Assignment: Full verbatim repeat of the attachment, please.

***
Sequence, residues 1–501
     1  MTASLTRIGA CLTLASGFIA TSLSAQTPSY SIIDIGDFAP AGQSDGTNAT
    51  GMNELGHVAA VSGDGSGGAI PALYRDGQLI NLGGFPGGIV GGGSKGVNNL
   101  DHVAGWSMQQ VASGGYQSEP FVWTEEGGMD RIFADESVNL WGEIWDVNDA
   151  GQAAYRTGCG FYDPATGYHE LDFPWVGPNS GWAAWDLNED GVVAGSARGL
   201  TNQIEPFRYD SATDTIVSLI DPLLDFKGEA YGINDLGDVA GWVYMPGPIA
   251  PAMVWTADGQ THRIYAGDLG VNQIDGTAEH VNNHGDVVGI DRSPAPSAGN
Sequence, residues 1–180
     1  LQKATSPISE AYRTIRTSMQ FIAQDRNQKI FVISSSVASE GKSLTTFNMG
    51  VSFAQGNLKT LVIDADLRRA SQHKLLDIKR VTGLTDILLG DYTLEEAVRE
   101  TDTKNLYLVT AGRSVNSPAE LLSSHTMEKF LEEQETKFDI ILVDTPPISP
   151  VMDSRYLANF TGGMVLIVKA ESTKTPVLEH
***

Sequence, residues 1–501
     1  MTASLTRIGA CLTLASGFIA TSLSAQTPSY SIIDIGDFAP AGQSDGTNAT
    51  GMNELGHVAA VSGDGSGGAI PALYRDGQLI NLGGFPGGIV GGGSKGVNNL
   101  DHVAGWSMQQ VASGGYQSEP FVWTEEGGMD RIFADESVNL WGEIWDVNDA
   151  GQAAYRTGCG FYDPATGYHE LDFPWVGPNS GWAAWDLNED GVVAGSARGL
   201  TNQIEPFRYD SATDTIVSLI DPLLDFKGEA YGINDLGDVA GWVYMPGPIA
   251  PAMVWTADGQ THRIYAGDLG VNQIDGTAEH VNNHGDVVGI DRSPAPSAGN
Sequence, residues 1–180
     1  LQKATSPISE AYRTIRTSMQ FIAQDRNQKI FVISSSVASE GKSLTTFNMG
    51  VSFAQGNLKT LVIDADLRRA SQHKLLDIKR VTGLTDILLG DYTLEEAVRE
   101  TDTKNLYLVT AGRSVNSPAE LLSSHTMEKF LEEQETKFDI ILVDTPPISP
   151  VMDSRYLANF TGGMVLIVKA ESTKTPVLEH